Available languages — OpenRailwayMapPermissible speeds at the Stuttgart Main station, including its surrounding light rail tracks. OpenRailwayMap maxspeed data is put as an overlay on top of on a pre-installed offline map in OsmAnd (see three easy steps to do that). A map section showing the northern and of the Nürnberg–Munich high-speed line, including track types, station names, track numbers and milestones (as of April 2014)
OpenRailwayMap (previously called "Bahnkarte") is a detailed online map of the world's railway infrastructure, built on OpenStreetMap data. It has been available since mid-2013 at openrailwaymap.org.
DescriptionSome railways in the greater Stuttgart area (on a mobile phone)
This project was founded in December 2011 in order to create a world-wide, open, up-to-date and detailed map of the railway network, based on OpenStreetMap. The domain was registered on April 27th, 2013 and the corresponding website was launched in mid 2013. Since then it has received constant improvement. In February 2014 the project moved to was launched.
The OpenRailwayMap includes all rail-mounted and automotive vehicles, e.g. railways, subways, trams, miniature railways and funiculars. The map does not include aerialways, monorails, and maglevs.
The name OpenRailwayMap mostly refers to the online map, but the project also aims to support railroad-related data in OpenStreetMap. By developing a consistent data model, providing a mailing list for discussions, developing editor plugins, etc. the collection of this data is boosted and the data is made usable for other applications and developers.
OpenRailwayMap aims to provide a new quality of railway maps and offers the following benefits:
- Worldwide coverage: So far, there is no railway map covering the whole world, just single countries.
- Open source and open data: Currently there are also no maps of railway networks, who supply not just rendered maps, but also the raw geodata. All current maps do not offer such data under free licenses. This project is based on OpenStreetMap data which is published under the Open Database License.
- Up-to-date and detailed: This map aims to profit from crowdsourcing. Lots of people around the world with a good local knowledge can edit this map to make it detailed and already up-to-date.
- OpenStreetMap: There are already many maps based on OpenStreetMap, e.g. for sailing, cycling, hiking, motorcars, public transport, skiing, power networks and many more. However, there is no railroad map so far.
There are several good reasons for creating an open, comprehensive railway map of the world. Just some just cases:
- Simulation: Detailed railroad data is an excellent source for simulating trains and signal boxes realisticly.
- Research: Scientists and researchers can use the data to analyse the railroad network, simulate changes and use it for educational purposes.
- Plans for model trains: This detailed railroad data is a good data source for railway enthusiasts, who want to build a railroad line as a model. With this data you do not need to record the railroad tracks anymore.
- Enthusiasts: There are many people interested in railways, e.g. trainspotters. For those people this map provides a detailed information source of the railroad network.
- Basemap for realtime traffic: Other applications can use this map to track the position of trains or to provide a realtime view of the trains' current position. You can also think of applications showing construction sites, detours, blockings and the traffic density.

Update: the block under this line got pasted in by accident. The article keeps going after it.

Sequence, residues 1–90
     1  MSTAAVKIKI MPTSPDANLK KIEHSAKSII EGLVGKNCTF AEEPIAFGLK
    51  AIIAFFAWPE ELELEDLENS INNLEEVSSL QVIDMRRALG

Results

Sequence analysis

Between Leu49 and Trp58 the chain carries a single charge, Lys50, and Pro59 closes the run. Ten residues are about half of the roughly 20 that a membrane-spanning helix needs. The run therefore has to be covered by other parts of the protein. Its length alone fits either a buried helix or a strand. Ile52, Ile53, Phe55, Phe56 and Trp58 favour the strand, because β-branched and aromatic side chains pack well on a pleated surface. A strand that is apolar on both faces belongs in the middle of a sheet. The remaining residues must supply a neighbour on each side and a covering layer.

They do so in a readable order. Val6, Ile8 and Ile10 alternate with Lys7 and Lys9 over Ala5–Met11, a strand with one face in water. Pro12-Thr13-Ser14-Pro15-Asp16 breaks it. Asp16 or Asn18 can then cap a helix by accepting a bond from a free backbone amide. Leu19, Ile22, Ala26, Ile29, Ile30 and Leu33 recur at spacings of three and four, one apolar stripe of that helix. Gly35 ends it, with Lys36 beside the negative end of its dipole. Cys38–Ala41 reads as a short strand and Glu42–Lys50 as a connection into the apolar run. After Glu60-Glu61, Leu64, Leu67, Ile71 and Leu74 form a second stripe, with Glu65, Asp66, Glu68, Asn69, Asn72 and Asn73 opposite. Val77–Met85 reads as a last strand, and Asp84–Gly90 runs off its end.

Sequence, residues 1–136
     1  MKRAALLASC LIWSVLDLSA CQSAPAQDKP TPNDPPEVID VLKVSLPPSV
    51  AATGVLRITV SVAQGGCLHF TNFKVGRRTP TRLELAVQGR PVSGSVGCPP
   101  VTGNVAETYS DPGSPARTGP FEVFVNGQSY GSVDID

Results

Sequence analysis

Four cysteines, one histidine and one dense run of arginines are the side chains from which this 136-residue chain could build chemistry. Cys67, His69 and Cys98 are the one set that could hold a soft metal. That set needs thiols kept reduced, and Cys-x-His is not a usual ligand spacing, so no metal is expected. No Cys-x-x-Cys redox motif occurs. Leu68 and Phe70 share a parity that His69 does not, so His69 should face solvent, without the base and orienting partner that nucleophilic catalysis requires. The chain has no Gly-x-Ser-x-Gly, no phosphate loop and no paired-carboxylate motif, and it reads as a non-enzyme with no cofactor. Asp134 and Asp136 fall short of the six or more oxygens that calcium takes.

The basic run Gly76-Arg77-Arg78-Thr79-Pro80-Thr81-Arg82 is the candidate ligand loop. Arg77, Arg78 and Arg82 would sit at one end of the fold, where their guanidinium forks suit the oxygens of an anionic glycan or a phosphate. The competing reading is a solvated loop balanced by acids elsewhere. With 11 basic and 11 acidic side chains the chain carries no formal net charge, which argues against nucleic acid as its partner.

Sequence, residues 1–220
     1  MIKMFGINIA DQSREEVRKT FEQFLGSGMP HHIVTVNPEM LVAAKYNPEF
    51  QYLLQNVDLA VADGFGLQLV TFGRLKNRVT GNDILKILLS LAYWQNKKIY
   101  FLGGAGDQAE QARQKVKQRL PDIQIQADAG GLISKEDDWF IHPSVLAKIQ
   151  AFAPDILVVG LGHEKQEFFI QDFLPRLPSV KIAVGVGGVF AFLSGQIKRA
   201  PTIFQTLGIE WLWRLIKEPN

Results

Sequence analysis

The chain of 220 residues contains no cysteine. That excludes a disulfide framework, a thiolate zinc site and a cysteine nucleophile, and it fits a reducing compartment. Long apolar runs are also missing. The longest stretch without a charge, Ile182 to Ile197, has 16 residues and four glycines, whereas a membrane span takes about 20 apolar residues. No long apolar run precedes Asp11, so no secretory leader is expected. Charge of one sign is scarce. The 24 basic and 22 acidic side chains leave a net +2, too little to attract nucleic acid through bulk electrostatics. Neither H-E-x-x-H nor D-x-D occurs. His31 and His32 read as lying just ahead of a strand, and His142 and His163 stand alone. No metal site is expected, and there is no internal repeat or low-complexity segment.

- Routing: With a detailed mapped railway infrastructure you could develop a routing application.
- Public transport: This map and the data are an important data source for public transport applications like timetables, routing... .
For the average mapper mapping the railroad network is a bit more complicated than mapping streets or POIs, but there are some suitable ways of mapping:
- Aerial imagery: Railroad tracks can easily be drawn based on aerial imagery, if high-resolution images are available for your area. With those imagery you can map even great yards simply from home. If you have access to very good high-resolution imagery (e.g. Aerowest), you can also see platforms or even signals.
- In trains: In areas without high-resolution aerial imagery you can track the railroad lines with the GPS while sitting in the train. You should give attention to a sufficient GPS signal in the train to generate exact tracks (see WikiProject_Germany/Railway).
- Along the railroad lines: Especially in rural areas the railroad lines can be accessed easily from ways parallel to the tracks. From there you can map signals or milestones fast, easy and safe. Crossings and bridges are also a good possibility to have a look at a part of the railroad line.
- Stations: In stations you can map a lot of details without risk and easy to access.
- Other sources: Public data, data sources with usage permission, use pictures from trainspotters or videos from the driver's cab after getting their permission,
Note: In all ways of mapping, you have to respect some rules:
- Don't violate general laws: Don't enter railroad areas without permission, don't interrupt the railroad traffic... . Use just data you can get from public location (examples are mentioned some lines before)
- Don't put yourself at risk
- Don't use illegal, non-public, confidential or legally doubtful data sources
- Don't violate copyright laws and don't copy from other maps
For newbies: You can donate data, but do not know, how to get into OSM? You have interesting information you can share, but no time to do this yourself? and send your data with a permission so that we might be able do some mapping for you.